Chronic OVA exposure increased by sixfold the total cell number in BALF compared with saline inhalation; aerobic exercise training did not decrease it (Figure 2A). The increase in total cell number was due mainly to eosinophils and mononuclear cells (Figures 2B and 2D). As compared with the OVA group, low and moderate exercise training decreased the eosinophil count in BALF but not the mononuclear cell count (Figures 2B and 2D, respectively) (P < 0.01). OVA sensitization and aerobic exercise training had no significant effect on the number of neutrophils in BALF (Figure 2C).
OVA sensitization increased peribronchial mononuclear cells and eosinophil density compared with saline groups. (Figures 3A and 3B). Both low and moderate aerobic exercise training substantially decreased eosinophil infiltration in airway walls, with no effects on mononuclear cells (Figures 3A and 3B).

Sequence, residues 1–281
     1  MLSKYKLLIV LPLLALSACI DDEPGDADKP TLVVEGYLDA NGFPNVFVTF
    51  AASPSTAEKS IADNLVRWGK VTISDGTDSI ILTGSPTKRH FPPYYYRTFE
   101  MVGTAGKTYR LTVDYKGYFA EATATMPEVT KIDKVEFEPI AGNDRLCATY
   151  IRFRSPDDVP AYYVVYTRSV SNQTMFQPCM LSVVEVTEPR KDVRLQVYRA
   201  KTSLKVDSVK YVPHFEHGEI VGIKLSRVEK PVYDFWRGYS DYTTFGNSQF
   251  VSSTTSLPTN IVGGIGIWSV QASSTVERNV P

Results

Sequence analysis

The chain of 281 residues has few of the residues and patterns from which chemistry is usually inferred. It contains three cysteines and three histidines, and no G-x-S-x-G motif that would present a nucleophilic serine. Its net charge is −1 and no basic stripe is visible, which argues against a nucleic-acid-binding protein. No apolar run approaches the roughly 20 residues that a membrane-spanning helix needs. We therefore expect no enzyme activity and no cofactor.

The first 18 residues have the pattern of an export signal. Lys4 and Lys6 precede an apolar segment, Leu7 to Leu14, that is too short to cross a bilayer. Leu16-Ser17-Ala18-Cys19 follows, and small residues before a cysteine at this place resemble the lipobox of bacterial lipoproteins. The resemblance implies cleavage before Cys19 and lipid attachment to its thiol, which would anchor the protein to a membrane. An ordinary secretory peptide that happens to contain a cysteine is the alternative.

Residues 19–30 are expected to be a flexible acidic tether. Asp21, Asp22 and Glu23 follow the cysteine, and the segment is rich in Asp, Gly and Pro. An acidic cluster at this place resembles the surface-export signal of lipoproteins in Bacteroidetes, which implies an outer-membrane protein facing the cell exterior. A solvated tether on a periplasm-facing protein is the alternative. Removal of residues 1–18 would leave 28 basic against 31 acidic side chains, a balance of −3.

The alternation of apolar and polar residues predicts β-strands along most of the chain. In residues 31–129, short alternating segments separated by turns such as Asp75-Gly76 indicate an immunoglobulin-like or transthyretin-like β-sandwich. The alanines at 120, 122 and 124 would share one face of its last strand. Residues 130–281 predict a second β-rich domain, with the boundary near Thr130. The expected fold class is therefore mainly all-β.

The peribronchial density of cells positive for Th2 cytokines IL-4 and IL-5 was significantly increased in the OVA group compared with the saline groups (Figures 4A and 4B and Figures 5A and 5B). Both low and moderate aerobic exercise training resulted in a significant decrease in the density of cells positive for IL-4 and IL-5 (Figures 4C and 4D and Figures 5C and 5D). The density of positive cells staining for Th1 cytokines IFN-γ and IL-2 was similar in all studied groups (Figures 4C and 4D). The peribronchial density of cells positive for IL-10 was significantly increased in OVA+Low and OVA+Mod groups compared with all other groups (Figure 6).
Chronic OVA exposure significantly increased OVA-specific IgE and IgG1 levels (P < 0.001); however, exercise training did not change OVA-induced immunoglobulin levels.